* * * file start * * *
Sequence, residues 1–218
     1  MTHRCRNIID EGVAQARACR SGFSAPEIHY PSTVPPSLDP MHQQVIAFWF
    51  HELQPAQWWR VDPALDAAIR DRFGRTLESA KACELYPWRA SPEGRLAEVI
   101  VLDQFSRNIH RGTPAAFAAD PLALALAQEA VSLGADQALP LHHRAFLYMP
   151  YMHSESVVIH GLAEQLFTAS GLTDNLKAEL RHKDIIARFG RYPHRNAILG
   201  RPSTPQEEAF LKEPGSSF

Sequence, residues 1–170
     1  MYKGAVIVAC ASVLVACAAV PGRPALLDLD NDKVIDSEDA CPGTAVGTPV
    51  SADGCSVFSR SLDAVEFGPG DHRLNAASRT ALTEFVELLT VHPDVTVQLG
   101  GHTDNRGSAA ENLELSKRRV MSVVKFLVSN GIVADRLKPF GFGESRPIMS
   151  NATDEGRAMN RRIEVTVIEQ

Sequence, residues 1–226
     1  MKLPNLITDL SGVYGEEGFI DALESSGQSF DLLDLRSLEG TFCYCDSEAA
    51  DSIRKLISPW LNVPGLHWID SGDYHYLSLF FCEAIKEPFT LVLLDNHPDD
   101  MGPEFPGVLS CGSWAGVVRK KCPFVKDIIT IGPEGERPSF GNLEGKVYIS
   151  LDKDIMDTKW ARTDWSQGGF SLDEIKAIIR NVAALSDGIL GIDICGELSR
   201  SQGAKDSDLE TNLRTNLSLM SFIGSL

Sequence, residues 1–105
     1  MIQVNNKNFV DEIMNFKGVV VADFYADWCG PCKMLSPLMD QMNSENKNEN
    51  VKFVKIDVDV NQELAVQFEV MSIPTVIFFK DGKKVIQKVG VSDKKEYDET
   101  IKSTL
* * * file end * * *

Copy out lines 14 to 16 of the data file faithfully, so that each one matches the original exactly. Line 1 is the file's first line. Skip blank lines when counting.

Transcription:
    51  DSIRKLISPW LNVPGLHWID SGDYHYLSLF FCEAIKEPFT LVLLDNHPDD
   101  MGPEFPGVLS CGSWAGVVRK KCPFVKDIIT IGPEGERPSF GNLEGKVYIS
   151  LDKDIMDTKW ARTDWSQGGF SLDEIKAIIR NVAALSDGIL GIDICGELSR